Carrying a cross

Fog lay low, hanging in the tops of the gnarled, dark trees. Their branches reached like desperate hands up to the skies, while the trunks and roots clung into the earth. 

The moon was barely visible, a pale sheen of light faintly glowing. The darkness lay on everything like a heavy, suffocating fear. Prone figures hid in the shadows of the trees, all of them sleeping. 

All except one.

A man knelt in the garden, in what weak ribbons of moonlight had made it through the darkness.

His agonized eyes searched the heavens, and then closed as He accepted what was to come next.

***

The Lenten season brings an opportunity to reflect upon the sacrifice Christ made for all of human kind. People usually try to imitate Christ’s sacrifice in their own way, by giving up a food or activity they enjoy, and trying to remember not to eat meat on Fridays. While Lent is marked by an increased number of church obligations and some abstinence and fasting, it is also important to add something positive to our lives that may improve us spiritually. While, to many outsiders, these extra activities may seem to be either excessive or a cry for attention by the world’s dwindling faithful Catholics, these additions to our lives are to help us remember the sacrifice that Christ made.

One of the many additions to the churches schedule, as well as options for us to reflect upon the sacrifice Christ made for us, is attending a session of the Stations of the Cross. Most parishes offer a reflection upon Christ’s way to the cross, where we “accompany” Him during the last few hours of his life by remembering the suffering He endured because of His undying love for us. It is an uncomfortable thing to do sometimes. We never want to hear or think about a time when someone we care about suffered the consequences of our actions. It is distressing to dwell on how much we have caused pain to someone.

The mere fact that attending Stations of the Cross can be uncomfortable is exactly why we should do it!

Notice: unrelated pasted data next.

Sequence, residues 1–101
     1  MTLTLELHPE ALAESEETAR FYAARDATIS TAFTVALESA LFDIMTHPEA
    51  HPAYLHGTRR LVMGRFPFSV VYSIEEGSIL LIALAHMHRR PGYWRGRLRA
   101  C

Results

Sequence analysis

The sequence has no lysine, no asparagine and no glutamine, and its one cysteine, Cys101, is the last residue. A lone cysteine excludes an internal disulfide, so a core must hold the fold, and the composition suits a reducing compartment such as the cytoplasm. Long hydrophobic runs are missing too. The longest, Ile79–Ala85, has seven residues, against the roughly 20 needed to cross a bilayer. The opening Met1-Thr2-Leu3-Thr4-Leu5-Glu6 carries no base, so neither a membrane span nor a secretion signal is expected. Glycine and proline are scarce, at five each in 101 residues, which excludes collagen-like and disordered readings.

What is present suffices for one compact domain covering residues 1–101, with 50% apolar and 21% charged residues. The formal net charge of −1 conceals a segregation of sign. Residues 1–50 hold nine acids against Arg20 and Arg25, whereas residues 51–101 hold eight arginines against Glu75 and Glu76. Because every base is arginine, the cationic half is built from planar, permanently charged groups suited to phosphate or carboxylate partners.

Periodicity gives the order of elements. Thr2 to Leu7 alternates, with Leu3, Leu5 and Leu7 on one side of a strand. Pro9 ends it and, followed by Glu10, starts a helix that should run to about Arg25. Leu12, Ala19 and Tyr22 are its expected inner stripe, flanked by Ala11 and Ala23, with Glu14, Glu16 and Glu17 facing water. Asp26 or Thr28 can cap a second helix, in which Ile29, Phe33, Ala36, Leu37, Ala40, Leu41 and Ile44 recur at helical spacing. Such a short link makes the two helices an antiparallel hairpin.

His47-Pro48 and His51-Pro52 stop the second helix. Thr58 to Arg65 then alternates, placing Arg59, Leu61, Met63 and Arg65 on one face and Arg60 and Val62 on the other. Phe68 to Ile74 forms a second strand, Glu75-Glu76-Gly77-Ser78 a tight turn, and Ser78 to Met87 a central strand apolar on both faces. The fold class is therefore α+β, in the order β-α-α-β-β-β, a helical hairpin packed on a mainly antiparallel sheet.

The Stations of the Cross force one to face a lot of intense emotions such as guilt, sorrow and desolation. There is nothing quite as humbling as realizing mankind’s responsibility for bringing about something so terrible. However, more than just despair and negative emotions can be found while reflecting upon Christ’s journey. Throughout the Stations, one cannot help but be filled with an immense sense of gratitude and hope. The Stations remind us of the unconditional love that Christ has for us – despite full knowledge of our failings.

Hope is the most important emotion of all that the Stations of the Cross show us. Hope that despite every flaw we have, there was someone who loved us so much they were willing to die to prove it. Hope that through this remarkable love we are made new. As well as hope that no matter what trials we may endure, He will be at our side to endure them with us.

We too carry our own crosses as Christ did. While the cross Christ carried may be different in weight than our own, it is important to understand that Christ not only knows the burdens that we deal with, but will be at our sides to help us along the way.  By reflecting on the Stations we can take comfort in the knowledge that even though Christ is perfect, He too understands what it’s like to endure trials. We are reminded that we are not alone when we face trials and afflictions in our own lives.

Our worth is found in the love, suffering and sacrifice of Christ crucified. By making the Stations of the Cross we have the honor of accompanying Our Lord along His journey, and standing by Him in remembrance of His suffering and death.  In a Lenten season that is designed to bring us closer to Christ, what better way is there than to reflect upon his journey.

 

Co-written by Evan Hennelly & City Coordinator Justin Pedone